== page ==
GREENSBORO, N.C. -- Tiffany Nelms feels duped, wishing she had said no to Say Yes.
“They never mentioned subject to change or based on funding,” Nelms said. “We believed what they told us and we made decisions for the next four years of their life based on that promise so I would like for them to fulfill that promise.”
This comes after the nonprofit announced it was changing its scholarship requirements for students in Guilford County after miscalculations. Say Yes budgeted to pay for roughly $1 million in tuition for students graduating in the class of 2016, but ended up giving out $6 million.
“We sympathize with them because this is something that, Say Yes did not set out to create a scholarship program and then change it,” said Say Yes spokesman Donnie Turlington.
Nelms sent her daughter Amanda to East Carolina University because of the Say Yes promised to cover tuition in-state for five years after graduation or eight semesters. The family even turned down out of state scholarships, accounting for Say Yes in their financial planning.
Turlington says moms like Nelms are not alone and it wasn’t the nonprofit’s intent to mislead people. They based their calculations on models that were wrong.
“Rather than it being a volume issue, it's more of an average dollar amount concern that kind of created the problem,” Turlington said.
Now there are income tiers for students enrolled in Guilford County to qualify for the program. The more a family makes, the less funding they can be eligible to receive from Say Yes. It also includes a sliding grade enrollment cutoff as well.
Families making $40,000 or less per year will get 100 percent of tuition covered, if the student has been enrolled in Guilford County schools since ninth grade.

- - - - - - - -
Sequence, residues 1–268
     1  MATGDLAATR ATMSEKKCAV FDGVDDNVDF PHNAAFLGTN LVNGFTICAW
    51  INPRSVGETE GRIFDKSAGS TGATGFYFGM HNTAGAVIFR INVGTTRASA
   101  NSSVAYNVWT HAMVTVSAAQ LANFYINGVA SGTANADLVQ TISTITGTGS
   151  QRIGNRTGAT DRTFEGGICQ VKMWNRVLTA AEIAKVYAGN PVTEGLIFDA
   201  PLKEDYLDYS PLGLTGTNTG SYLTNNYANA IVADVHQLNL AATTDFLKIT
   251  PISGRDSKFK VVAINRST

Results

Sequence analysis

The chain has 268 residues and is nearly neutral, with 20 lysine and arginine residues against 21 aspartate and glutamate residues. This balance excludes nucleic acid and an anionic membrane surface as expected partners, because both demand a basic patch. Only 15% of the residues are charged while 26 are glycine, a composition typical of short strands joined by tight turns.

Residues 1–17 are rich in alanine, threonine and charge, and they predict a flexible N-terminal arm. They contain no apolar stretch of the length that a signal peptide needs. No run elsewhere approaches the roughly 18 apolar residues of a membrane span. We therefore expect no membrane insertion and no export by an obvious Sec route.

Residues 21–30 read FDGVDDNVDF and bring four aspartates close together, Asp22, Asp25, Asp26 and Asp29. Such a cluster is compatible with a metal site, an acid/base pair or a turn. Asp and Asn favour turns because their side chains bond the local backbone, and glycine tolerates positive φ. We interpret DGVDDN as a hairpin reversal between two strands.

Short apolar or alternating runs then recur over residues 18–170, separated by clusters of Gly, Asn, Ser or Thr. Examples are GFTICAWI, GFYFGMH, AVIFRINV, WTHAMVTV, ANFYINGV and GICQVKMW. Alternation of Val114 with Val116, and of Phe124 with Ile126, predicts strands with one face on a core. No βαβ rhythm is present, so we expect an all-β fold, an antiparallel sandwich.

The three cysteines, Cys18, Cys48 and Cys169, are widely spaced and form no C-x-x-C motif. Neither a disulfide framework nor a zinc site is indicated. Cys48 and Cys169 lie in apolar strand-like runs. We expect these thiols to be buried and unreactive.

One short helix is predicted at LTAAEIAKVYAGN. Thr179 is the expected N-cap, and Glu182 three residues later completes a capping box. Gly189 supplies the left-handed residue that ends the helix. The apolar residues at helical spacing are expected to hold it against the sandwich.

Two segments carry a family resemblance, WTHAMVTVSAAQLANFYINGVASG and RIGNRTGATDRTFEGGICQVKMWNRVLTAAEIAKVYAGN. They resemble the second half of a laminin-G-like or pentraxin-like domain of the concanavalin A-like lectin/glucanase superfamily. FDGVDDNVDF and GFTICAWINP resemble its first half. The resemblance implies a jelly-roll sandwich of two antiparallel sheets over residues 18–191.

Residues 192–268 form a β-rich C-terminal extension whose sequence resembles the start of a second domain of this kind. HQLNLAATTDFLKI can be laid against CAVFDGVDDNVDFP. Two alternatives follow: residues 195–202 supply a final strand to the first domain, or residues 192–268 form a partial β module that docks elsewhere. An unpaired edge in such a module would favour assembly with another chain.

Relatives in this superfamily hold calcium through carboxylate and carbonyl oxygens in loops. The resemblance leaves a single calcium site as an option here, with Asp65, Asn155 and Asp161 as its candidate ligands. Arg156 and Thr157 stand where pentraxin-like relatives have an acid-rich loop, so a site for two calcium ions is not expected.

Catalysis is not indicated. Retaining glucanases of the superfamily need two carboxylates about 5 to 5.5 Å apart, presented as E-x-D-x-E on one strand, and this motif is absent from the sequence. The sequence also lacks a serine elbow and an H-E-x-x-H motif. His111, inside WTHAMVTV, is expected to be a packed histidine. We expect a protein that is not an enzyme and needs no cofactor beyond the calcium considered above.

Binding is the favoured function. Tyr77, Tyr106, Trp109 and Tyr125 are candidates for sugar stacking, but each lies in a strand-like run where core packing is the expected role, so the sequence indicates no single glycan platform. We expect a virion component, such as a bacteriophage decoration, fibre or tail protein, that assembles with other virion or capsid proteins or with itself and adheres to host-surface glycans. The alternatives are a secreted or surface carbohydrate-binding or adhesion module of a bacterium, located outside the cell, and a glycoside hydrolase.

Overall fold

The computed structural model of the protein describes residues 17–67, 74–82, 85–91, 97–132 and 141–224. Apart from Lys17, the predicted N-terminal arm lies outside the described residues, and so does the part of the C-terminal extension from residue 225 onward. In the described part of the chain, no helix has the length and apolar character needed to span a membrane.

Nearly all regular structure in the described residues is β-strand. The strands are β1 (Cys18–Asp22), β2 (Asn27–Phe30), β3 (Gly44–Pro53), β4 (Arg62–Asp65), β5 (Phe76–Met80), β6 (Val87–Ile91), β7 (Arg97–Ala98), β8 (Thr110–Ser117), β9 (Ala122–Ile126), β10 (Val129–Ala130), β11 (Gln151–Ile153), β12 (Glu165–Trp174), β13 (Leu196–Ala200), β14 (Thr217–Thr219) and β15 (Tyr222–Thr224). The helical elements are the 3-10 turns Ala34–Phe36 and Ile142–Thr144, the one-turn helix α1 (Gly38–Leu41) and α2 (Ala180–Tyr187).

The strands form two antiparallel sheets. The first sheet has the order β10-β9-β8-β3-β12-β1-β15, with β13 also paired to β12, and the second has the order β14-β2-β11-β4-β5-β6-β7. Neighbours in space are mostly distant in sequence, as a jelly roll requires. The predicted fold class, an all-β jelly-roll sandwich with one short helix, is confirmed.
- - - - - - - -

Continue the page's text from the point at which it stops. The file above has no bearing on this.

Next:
Families making $40,000 to $75,000 per year will receive $4,500 per year if the student has been enrolled since sixth grade. Families making $75,001 to $100,000 per year will receive $2,250 per year if their student has been enrolled since fourth grade. Families making more than $100,000 per year are no longer eligible for the program.
Because Nelms’ daughter has been enrolled in Guilford County schools since the fifth grade, she misses the cutoff point for Say Yes by one year, since the family is in the highest tier for eligibility. With ECU in-state tuition set at more than $4,000 per year, that’s an extra more than $12,000 Nelms will have to account for without Say Yes support.
“I think it's very unfair because this directly impacts the middle class,” Nelms said. She argues the class of 2016 should be grandfathered into the system.
“That was certainly one of the options on the table to grandfather those kids in, but what I heard the scholarship board say is, that's a $6 million cost multiplied by four, because you have to follow that class through all the way to seniors,” Turlington said. “That's $24 million. What the scholarship board has also said is they are not going to spend money that they don't have.”
Say Yes is entirely funded by donations and private money. Turlington says the endowment is roughly $42 million, and they can’t spend all that money right away. They hope with this new model, they will be handing out closer to $1 million every year for eligible Guilford County student to help pay or completely cover tuition.